Had Slaves by Catherine Sasanov
In Had Slaves, Catherine Sasanov tries to create a poetic narrative from fragments of her ancestors' slave-owning past. As more Americans explore their ancestry, and as the technologies for that exploration become more sophisticated and more generally available, this personal story of discovering past slave ownership will become more common. There was Inheriting the Trade by Thomas DeWolf, for example. Even one of my roommates recently learned some of his ancestors owned slaves. But past slave ownership is even more universal than that. The fledgling American economy was bolstered by entire sections based in slave labor, providing an economic stability of a low cost labor force during the country's most economically vulnerable years. In a sense, because slavery was part of early American economic success, every white American living today who enjoys a level of economic success “had slaves,” because they benefit from a system born in the context of slavery. The challenge with a project like this, is balancing the personal story that makes a work emotionally compelling with the universal story that makes a work intellectually relevant.
From the start, Sasanov doesn't seem entirely comfortable with her project. She opens with a “Dear Reader” preface in which she asks the reader not to assume she is transcribing the words of the dead, employs a couple of metaphors for the extraction of present expression from past existence, and concludes with the image, “I'm a beetle / rolling tiny balls of shit / up against a few ideas.” Even though she introduces her project with this preface, she continually describes and questions her efforts throughout the collection: “Owned by the blood that owned you once, what right do I have to track you down?,” from “His Personal Property: Inventory and Appraisal Sheet, 1860”; “I would pry you out / with this sheet of paper,” from “George Steel Comes Home from the War: Missouri, February, 1866”; and “I've traced the edges of her unmarked grave, / pressed my hands into its dirt and called. / But why should she get up, answer now / ...What runs this pack of words across / the thin ice of the page,” from “On Reading Missouri Slave Narratives Collected by the Federal Writer's Project,” for example.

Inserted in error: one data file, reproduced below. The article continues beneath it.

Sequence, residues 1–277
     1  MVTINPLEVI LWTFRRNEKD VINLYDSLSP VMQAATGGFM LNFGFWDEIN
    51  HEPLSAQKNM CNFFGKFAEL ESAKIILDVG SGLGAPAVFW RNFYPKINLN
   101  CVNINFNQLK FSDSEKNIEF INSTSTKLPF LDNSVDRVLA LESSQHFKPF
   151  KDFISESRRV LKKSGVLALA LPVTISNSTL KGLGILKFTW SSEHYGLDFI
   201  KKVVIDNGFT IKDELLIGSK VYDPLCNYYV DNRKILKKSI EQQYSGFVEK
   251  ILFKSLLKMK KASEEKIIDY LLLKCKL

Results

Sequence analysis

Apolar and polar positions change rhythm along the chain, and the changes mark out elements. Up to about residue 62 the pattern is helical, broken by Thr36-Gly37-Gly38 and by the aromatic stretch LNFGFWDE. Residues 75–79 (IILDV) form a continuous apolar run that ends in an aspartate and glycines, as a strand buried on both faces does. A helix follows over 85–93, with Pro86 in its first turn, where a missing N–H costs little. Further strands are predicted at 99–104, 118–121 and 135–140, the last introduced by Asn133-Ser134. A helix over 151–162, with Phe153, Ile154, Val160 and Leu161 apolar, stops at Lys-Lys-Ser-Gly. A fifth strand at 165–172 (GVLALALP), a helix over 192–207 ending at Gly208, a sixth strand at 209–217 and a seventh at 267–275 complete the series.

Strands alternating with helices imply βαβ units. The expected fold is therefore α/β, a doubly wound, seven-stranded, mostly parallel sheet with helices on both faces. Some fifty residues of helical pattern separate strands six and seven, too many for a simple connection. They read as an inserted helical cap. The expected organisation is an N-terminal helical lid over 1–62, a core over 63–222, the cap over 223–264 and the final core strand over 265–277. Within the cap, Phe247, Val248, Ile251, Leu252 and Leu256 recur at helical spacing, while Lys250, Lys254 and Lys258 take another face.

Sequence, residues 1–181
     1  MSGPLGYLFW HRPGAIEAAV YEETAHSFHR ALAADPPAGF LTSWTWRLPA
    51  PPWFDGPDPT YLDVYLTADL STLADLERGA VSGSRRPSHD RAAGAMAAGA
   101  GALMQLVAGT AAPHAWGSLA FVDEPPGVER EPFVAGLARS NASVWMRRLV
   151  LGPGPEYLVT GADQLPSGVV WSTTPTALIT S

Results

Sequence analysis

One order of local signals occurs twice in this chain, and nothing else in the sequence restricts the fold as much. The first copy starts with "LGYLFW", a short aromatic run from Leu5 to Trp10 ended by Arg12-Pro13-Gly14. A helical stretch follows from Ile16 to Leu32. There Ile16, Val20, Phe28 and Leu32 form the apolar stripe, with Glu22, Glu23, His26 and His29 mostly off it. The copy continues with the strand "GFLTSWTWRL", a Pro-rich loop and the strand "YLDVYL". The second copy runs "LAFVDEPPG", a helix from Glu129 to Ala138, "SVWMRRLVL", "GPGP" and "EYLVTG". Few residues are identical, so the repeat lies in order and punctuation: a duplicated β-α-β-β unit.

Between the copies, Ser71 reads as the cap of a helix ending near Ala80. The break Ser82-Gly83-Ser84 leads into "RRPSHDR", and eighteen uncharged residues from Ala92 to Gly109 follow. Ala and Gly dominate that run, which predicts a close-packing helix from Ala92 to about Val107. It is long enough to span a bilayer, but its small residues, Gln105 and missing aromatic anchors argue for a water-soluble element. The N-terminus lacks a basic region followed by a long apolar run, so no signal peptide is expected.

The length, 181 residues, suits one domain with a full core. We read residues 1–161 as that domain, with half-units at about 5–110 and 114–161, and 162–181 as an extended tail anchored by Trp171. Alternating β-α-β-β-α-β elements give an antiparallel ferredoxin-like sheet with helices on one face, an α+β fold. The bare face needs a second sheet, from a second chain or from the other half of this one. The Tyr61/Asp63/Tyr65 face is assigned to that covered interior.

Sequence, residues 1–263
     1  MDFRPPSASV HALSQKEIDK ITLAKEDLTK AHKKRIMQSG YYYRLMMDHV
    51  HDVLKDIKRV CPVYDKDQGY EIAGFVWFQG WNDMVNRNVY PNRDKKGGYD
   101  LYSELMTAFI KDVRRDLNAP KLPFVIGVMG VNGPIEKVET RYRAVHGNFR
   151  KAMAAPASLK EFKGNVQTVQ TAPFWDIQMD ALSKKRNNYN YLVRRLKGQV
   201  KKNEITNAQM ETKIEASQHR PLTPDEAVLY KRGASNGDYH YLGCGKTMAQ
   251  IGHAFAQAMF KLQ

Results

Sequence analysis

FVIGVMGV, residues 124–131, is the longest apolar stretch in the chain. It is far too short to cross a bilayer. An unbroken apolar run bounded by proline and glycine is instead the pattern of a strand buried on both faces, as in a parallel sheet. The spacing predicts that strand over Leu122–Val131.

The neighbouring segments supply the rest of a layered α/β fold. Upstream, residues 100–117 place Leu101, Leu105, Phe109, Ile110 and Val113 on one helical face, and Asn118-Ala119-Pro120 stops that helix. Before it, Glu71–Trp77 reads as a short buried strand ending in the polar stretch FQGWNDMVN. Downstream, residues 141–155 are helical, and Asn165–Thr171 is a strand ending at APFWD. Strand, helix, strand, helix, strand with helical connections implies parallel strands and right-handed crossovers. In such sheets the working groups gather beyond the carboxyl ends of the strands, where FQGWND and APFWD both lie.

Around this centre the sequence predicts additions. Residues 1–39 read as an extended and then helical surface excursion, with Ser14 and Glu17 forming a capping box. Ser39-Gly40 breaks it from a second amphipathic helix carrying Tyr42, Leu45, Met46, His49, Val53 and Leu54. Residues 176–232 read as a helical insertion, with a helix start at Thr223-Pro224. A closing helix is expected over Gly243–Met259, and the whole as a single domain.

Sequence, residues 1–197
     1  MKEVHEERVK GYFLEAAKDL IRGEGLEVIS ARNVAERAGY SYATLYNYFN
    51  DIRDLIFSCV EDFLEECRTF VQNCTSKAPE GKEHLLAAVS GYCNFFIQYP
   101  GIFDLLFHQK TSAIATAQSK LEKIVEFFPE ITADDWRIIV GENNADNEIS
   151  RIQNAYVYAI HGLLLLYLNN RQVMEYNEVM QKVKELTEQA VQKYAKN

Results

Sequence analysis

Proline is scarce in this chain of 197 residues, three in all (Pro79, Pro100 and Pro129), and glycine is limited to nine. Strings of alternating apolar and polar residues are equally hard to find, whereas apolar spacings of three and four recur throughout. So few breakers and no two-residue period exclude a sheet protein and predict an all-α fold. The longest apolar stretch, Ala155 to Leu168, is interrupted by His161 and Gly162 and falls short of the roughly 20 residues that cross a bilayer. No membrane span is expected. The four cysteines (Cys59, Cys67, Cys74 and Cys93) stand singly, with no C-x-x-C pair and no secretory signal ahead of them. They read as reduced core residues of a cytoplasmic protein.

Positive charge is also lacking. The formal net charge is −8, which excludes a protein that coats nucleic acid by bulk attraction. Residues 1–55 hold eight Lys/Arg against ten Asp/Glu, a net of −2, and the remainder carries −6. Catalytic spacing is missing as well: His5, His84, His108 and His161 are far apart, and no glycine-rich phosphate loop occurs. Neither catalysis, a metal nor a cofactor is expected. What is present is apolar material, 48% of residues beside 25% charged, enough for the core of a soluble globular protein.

Though the technique usually results in writing I don't like, I can see the value of refining the project for the reader as the reader reads. However, Sasanov doesn't really refine the project beyond what was already done in the “Preface,” and most of the refinements are more like qualifications or apologies. They are extensions and embellishments of the image of the beetle from the preface. A tic seems to have developed in contemporary poetry, where the poet feels compelled to admit to the reader that she is aware of the limitations of words. It is true that Sasanov cannot reanimate the dead when so little of them remains and it is true that Sasanov cannot solve the persistent problems of slavery with a collection of poetry and it is true that this is all just words; but I always assumed the point of writing is to make the phrase “it's all just words” a lie.
Had Slaves has its share of good lines, phrases, and ideas; “did your eyes gag,” from “Four Hundred Acres of Missouri,” is a fresh image; “You knew the slave he saw outside his skull wasn't the man he worked in his mind,” from “A Future Made of Slaves,” shows the typicalness of a slaveholder's imagination without apologizing for it; and “Like your child who had to take on faith an infancy he spent as slave, a war that broke him out,” from “At Bloody Island, 1864,” is an excellent description of the African American population living on the limn of slavery. However, very few of the poems live up to their good lines and ideas. Sasanov seems to wander around her strong images without ever extending or focusing on them. Her poetic shortcomings in this project are dramatically highlighted by her brilliant anthologizing successes.
Many of the poems have titles and/or epigraphs drawn from documents describing slavery and its long and continuing aftermath. “I will and bequeath to My Grandson a Negro Boy named Henry,” from “The Former Slaveholder's Lament;” the epigraph for the section “In the Jim Crow Museum,” that describes the collecting of racist antiques; and the title “Line Drawing of an Ex-Slave, Columbia Bigbee, 1840-1899, Consisting of Ink Lifted from Newsprint, Census Data, Burial Records, Divorce Proceedings, Tax Rolls, Marriage Licenses, Land Deeds, and one Civil War Widow's Pension Application: Denied”; -- a title formula repeated several times -- for example. Her presentation of the historic material, even in fragments, evokes grand narratives. She is able to encapsulate hints of great swaths of historic event and effect. In a world of Novels in Three Lines and Reality Hunger, I wonder what Sasanov could have done with her talent as an anthologizer had she focused on it and produced a work composed solely of these fragments.
Sasanov sets herself an impossible task, but she spends so much of her time writing about its impossibility that she makes very little progress towards whatever realization of her project is possible. There are some good poems, “At Bloody Island, 1864,” being the best, but she is never able to add whatever it is that turns a few good ideas and images into a great poem, to any of her poems. However, her brilliance in extracting and presenting fragments of the historical record shows this project had the potential to be a great work. Sasanov saw and felt the stories in those fragments, but could not tell those stories to us. No one can reanimate the dead and no one can reclaim the crime of slavery; I just believe she could have more closely approached that impossibility, before calling the project completed.
Had Slaves by Catherine Sasanov